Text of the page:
Tesla shares hit a big milestone on Wednesday morning, rising more than 3% to hit a $100 billion market cap for the very first time. At its current share price of $566, Tesla is valued at $102 billion.
The $100-billion valuation triggers an almost $350 million payout for Tesla CEO Elon Musk if it holds on an average basis for at least six months, the first in a series of potentially huge bonuses for Musk negotiated as part of a 2018 compensation package. Musk receives no other salary or compensation from Tesla other than these bonuses, which dictate further payouts tied to every $50 billion increase in Tesla’s valuation, in addition to meeting revenue and adjusted EBITDA targets and Musk remaining as CEO of the company.
If Tesla ultimately achieves a valuation of $650 billion by 2028, Musk would be in line for a whopping $50 billion in incentive payments. Meanwhile, Musk's current 18.9% ownership stake in Tesla is now worth roughly $19.3 billion.
“It you look back at when the stock hit bottom last June, at that point there was real liquidity risk, which they helped to alleviate through equity and debt offerings. They followed up with a solid second half of the year operationally, and that’s really helped,” said Garrett Nelson, automotive analyst at CFRA Research.
Tesla shares have tripled in value since it hit a 52-week low of $176.99 in June 2019, and accelerated dramatically after the carmaker posted a surprise profit for the third quarter of last year. News of Tesla’s China Gigafactory opening ahead of schedule, better-than-expected fourth quarter deliveries, a German factory in the works, and the impending launch of the Model Y in 2020 have fueled optimism around Tesla’s longer term prospects.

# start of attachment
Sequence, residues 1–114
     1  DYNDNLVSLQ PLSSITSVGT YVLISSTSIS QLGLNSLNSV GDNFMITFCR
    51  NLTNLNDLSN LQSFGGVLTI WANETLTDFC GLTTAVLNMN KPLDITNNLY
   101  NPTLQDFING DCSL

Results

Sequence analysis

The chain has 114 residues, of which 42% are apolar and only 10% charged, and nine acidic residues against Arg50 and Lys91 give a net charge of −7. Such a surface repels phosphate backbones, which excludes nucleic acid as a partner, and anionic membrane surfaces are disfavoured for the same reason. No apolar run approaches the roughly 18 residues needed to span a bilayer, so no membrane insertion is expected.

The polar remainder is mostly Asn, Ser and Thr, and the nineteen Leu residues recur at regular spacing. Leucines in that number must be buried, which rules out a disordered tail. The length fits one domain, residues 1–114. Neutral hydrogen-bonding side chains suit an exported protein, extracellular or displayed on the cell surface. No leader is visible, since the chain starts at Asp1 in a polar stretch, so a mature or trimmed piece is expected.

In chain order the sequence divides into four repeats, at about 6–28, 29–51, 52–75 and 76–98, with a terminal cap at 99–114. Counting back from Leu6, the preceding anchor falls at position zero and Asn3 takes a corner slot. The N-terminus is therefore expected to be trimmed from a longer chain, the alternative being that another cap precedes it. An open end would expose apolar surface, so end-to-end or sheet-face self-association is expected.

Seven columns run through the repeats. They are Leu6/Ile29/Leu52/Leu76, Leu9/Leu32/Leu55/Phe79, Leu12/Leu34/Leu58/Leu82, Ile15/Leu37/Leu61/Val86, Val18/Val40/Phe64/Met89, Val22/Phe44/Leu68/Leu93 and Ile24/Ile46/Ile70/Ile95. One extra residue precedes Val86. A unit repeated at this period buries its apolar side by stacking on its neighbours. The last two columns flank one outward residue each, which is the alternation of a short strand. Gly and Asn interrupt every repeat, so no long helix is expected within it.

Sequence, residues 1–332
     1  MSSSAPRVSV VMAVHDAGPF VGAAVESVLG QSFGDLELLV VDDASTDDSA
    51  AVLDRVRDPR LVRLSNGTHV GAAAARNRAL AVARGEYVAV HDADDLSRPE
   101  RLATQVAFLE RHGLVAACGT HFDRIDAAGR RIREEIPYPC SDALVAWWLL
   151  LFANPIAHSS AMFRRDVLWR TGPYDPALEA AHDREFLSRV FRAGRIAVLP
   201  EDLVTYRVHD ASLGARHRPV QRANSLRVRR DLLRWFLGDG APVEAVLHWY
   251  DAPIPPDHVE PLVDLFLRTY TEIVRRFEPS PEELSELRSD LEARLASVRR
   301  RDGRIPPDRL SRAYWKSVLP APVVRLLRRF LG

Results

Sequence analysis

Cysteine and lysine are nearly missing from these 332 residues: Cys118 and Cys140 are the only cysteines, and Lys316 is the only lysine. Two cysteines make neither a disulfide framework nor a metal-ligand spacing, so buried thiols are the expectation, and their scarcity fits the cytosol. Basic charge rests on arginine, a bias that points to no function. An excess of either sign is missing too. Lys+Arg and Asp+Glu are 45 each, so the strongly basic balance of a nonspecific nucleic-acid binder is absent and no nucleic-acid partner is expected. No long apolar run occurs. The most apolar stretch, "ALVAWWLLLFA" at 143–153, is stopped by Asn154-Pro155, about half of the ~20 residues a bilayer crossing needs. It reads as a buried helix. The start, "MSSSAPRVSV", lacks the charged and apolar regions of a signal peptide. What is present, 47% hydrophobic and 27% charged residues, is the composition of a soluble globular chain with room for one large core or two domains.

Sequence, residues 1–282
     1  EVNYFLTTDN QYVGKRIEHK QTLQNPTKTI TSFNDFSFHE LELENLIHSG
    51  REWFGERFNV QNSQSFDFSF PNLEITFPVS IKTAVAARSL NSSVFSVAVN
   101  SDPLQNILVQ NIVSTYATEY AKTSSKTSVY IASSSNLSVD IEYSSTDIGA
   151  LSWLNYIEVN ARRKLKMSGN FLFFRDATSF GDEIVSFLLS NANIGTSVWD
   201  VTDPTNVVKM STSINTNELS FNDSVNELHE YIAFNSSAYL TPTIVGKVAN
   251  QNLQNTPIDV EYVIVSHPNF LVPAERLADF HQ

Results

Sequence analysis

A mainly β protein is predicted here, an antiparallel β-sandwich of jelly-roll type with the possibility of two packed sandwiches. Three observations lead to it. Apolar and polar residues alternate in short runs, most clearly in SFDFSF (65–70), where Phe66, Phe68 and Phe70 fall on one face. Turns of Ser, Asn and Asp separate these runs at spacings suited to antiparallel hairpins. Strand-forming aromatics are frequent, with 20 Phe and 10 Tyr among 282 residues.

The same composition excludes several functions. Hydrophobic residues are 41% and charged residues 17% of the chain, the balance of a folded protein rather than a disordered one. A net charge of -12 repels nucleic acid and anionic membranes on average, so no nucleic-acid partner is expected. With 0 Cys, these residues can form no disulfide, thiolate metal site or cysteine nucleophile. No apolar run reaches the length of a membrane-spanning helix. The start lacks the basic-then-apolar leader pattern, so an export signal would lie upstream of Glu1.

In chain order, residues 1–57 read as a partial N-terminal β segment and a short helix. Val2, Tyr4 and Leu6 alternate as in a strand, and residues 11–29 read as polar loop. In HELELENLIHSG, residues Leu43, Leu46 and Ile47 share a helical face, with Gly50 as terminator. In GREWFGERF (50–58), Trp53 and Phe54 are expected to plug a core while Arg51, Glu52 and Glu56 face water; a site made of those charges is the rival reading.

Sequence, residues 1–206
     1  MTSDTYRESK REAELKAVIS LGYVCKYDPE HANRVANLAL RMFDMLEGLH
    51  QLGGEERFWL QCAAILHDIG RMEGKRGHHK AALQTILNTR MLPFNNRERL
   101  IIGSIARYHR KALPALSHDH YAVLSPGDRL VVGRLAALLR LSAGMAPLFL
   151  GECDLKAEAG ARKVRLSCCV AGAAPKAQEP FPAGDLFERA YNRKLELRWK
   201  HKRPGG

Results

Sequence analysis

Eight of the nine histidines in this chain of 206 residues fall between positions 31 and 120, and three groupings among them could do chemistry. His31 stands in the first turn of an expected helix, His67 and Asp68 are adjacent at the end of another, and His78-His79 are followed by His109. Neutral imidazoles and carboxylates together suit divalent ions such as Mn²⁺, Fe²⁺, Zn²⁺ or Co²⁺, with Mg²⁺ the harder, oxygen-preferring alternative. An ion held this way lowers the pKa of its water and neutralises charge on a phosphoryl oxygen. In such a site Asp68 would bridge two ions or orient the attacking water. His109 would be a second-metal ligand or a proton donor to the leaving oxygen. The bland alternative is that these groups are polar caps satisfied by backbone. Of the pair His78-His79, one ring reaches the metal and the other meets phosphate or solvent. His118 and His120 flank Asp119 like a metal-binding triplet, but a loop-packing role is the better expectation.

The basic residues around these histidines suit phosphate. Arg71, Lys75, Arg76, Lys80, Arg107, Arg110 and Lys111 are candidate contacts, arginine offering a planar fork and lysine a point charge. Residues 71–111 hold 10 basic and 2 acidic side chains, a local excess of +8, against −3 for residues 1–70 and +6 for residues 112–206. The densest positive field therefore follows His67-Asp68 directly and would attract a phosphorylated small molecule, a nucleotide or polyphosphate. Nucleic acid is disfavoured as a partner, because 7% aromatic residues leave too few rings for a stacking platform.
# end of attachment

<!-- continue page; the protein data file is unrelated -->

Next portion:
However, there are a few risks to watch out for in the current quarter and beyond. Tesla reports its full fourth quarter financial results on Jan. 29.
The majority of Tesla’s sales are domestic, Nelson pointed out. And in the U.S., the EV market is becoming a lot more competitive in 2020.
“In the U.S., where most of their sales come from, the [federal EV] tax credit went away at the end of last year, and right now it looks like there are going to be 19 EVs debuting in 2020, only one of which is the Model 7,” he added.
Investors may also find that the production ramp-up of the Shanghai factory weighs on margins for a time, as is often the case with automotive production facilities. Likewise, construction of a German factory -- which will likely be substantially more expensive than the China factory -- will eat into Tesla’s free cash flow, potentially hurting its financial results.
Meanwhile, other analysts have cautioned in recent weeks that Tesla, which is currently worth more than General Motors (GM) - Get Report and Ford (F) - Get Report combined, could be viewed more like a traditional automaker over the long term, potentially capping its growth.
For now, though, investors clearly like what they're seeing.